18th century drink
The Big Season Finale Party Post: Drinking Songs, John Andre’s Parties, Glassware, and 18th Century Recipes
This post began as a random collection of reader-requested topics, but as I started writing I noticed that several of them shared a common and rather… festive theme that I thought would be quite appropriate for commemorating TURN’s season finale. Enjoy!
Drinking Songs and John Andre’s (In)famous parties
Episode 8 of TURN, “Challenge,” involved so much wild partying that even the most sober viewers may have had a hard time following along. In the midst of all the Bacchanalian revelry, however, you might recall hearing a tipsy Abraham Woodhull sing a very familiar tune about halfway through the episode, albeit with strange and unfamiliar words. And for some of you, that may have triggered the thought: “Wait a minute. Wasn’t the Star-Spangled Banner based on some old drinking song? Didn’t I hear that back in grade school/at a cocktail party/on the Internet somewhere?”
While one should always be wary of Internet history memes, this is one popular piece of vague historical trivia that’s actually true! Francis Scott Key is known as the author of the United States’ National Anthem, but to be precise, while he penned the words to the Star-Spangled Banner, he borrowed the melody from a very popular folk tune of the time. The tune’s earliest and most popular incarnation (before Key came along) was “To Anacreon in Heaven.” As you can see from the Smithsonian’s website on the history of the National Anthem, the (literally Bacchanalian) lyrics “To Anacreon in Heaven” render it a very fitting song for John Andre’s party in Episode 8.
Now is an excellent time to brush up on your knowledge of The Star Spangled Banner too, since the Smithsonian is celebrating the 200th anniversary of the Star-Spangled Banner on Flag Day – this Saturday, June 14th, 2014 – with a nation-wide celebration. Check out their party page for details, and don’t forget to sing along with the rest of the country at 4:00pm Eastern time this Saturday!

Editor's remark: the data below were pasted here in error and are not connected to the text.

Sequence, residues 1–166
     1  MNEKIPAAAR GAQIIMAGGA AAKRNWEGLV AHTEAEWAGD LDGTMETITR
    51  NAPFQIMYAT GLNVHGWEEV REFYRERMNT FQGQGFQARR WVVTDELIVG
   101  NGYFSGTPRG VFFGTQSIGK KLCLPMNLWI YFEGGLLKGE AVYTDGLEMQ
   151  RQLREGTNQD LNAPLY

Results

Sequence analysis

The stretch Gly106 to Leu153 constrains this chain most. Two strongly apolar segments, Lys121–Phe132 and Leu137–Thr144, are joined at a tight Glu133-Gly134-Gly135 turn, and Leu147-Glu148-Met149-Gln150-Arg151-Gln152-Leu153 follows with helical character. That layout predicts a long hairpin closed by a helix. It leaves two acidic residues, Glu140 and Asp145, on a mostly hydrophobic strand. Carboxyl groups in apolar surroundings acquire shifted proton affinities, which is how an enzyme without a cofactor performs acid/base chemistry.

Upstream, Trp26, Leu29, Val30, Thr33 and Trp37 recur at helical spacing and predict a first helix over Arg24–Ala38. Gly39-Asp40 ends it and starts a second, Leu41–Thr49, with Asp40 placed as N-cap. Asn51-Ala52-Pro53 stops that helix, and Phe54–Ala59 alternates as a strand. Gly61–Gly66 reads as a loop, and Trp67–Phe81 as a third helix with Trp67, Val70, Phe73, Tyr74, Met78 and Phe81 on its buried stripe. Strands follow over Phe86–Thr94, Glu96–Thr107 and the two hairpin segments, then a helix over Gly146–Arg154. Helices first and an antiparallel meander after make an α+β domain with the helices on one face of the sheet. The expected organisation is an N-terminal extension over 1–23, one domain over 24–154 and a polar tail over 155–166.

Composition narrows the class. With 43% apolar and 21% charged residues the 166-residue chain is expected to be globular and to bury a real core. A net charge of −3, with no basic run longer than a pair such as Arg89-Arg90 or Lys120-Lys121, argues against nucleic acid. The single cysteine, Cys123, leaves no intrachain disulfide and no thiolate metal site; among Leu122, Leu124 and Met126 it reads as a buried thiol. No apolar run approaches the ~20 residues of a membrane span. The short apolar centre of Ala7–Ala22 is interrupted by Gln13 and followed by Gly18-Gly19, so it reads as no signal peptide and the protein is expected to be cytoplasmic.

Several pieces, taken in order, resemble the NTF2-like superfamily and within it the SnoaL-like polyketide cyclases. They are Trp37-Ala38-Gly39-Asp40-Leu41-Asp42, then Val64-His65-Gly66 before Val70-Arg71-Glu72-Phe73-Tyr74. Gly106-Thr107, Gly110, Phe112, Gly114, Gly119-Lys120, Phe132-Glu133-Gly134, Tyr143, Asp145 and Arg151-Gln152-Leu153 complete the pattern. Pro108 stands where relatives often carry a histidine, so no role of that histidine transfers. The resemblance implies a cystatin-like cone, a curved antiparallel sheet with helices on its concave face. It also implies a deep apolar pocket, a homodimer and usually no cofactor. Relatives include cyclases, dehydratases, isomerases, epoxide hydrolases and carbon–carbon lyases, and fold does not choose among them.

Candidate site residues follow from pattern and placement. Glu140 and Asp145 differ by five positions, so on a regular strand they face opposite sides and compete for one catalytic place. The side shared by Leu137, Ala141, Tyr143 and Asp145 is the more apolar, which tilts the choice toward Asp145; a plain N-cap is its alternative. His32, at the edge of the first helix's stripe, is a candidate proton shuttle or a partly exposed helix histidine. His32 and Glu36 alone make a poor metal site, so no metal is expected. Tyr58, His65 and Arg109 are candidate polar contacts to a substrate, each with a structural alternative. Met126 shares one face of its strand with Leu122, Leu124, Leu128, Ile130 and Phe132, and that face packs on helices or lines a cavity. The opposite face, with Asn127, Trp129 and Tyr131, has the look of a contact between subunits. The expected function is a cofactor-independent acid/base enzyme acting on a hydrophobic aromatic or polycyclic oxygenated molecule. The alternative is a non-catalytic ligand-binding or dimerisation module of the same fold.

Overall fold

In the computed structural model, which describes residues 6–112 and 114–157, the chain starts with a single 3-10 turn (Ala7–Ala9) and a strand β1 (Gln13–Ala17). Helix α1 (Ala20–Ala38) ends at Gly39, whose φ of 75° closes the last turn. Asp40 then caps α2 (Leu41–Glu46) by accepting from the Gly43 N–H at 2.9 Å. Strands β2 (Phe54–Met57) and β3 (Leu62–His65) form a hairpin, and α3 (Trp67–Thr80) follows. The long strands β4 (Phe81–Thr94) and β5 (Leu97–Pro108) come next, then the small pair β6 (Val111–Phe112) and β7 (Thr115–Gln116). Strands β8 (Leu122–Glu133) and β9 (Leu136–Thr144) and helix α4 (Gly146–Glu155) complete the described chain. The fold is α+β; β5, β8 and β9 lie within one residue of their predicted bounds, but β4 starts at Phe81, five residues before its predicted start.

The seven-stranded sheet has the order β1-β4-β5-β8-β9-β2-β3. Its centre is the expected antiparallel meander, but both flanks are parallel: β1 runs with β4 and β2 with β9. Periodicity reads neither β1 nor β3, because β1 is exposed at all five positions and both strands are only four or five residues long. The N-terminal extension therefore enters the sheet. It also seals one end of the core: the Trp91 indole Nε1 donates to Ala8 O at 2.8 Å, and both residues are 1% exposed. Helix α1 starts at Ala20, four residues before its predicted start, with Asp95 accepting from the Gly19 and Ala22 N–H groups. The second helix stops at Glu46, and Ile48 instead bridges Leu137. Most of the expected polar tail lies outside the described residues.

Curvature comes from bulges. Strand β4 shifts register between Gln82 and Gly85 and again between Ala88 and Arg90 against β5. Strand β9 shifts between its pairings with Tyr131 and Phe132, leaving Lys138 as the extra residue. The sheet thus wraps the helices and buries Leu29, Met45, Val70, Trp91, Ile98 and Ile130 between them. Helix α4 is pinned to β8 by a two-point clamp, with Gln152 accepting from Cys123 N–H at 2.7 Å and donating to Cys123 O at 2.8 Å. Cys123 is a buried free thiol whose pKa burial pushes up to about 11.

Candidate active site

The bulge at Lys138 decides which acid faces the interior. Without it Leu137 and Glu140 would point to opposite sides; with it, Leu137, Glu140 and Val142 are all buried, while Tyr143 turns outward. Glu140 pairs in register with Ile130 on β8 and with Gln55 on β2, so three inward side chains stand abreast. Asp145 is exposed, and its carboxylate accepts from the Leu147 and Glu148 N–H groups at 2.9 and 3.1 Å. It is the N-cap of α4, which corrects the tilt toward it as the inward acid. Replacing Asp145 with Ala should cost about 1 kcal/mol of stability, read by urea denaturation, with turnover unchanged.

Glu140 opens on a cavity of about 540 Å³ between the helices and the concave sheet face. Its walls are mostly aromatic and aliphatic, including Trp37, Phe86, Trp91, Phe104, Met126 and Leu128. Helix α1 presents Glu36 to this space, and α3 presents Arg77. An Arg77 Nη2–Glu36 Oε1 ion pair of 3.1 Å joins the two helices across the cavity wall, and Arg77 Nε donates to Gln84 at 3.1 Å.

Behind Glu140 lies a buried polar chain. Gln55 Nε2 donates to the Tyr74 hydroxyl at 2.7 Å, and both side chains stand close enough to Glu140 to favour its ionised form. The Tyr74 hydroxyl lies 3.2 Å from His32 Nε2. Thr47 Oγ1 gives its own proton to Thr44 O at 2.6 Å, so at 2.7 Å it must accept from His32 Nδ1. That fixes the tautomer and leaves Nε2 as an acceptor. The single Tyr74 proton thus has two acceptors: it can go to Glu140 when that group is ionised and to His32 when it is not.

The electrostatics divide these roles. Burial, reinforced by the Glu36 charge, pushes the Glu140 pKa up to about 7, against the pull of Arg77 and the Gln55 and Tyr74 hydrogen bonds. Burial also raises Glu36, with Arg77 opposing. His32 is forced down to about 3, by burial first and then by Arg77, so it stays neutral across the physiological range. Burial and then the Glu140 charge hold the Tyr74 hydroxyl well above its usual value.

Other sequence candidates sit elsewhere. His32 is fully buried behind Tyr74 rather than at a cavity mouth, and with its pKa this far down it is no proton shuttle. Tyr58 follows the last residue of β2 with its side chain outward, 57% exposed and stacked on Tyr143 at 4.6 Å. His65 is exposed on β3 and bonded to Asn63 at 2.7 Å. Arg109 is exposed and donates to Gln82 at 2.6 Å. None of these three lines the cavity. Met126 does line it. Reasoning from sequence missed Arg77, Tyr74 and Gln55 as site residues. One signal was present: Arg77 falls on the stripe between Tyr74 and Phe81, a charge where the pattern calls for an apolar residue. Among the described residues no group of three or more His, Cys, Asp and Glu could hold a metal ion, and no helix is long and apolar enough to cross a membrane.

Speaking of parties (and Episode 8 of TURN), John Andre had quite the historical reputation as one heck of a party host. In 1778, Andre orchestrated “the Meschianza,” one of the biggest parties in Philadelphia’s history, in honor of General William Howe upon his departure of the British-occupied city. It was considerably grander than the party depicted in TURN – in addition to a formal dinner and ball, the day-long event included a river parade, music, dramatic performances, and fireworks. Andre and his compatriots spared no expense on the lavish fête, much to the chagrin of many of Philadelphia’s struggling, war-weary residents. For an overview of the Meschianza – and Andre’s reputation as a Renaissance man and party host – check out the Library Company of Philadelphia’s page here. (If you want to avoid spoilers pertaining to the historical fate of John Andre, skip the third paragraph)! You can also read this wonderfully annotated blog post which covers the (in)famous party in much greater detail.
18th Century Wine Glasses and Drinkware
A few weeks ago, I received a message from an especially clever reader who was wondering about Major Hewlett’s rounded (and quite ubiquitous) wine glass, pointing out that most 18th century wine glasses were less bowl-shaped and more angular and conical. Indeed they were, as you can see by perusing the links below. (You may want to have a glass or two of wine under your belt before looking at any prices, however.)
- The World is Made of Glass: Collectors and sellers of original 18th century glassware
- Georgian Glassmakers: Fine reproduction 18th century glassware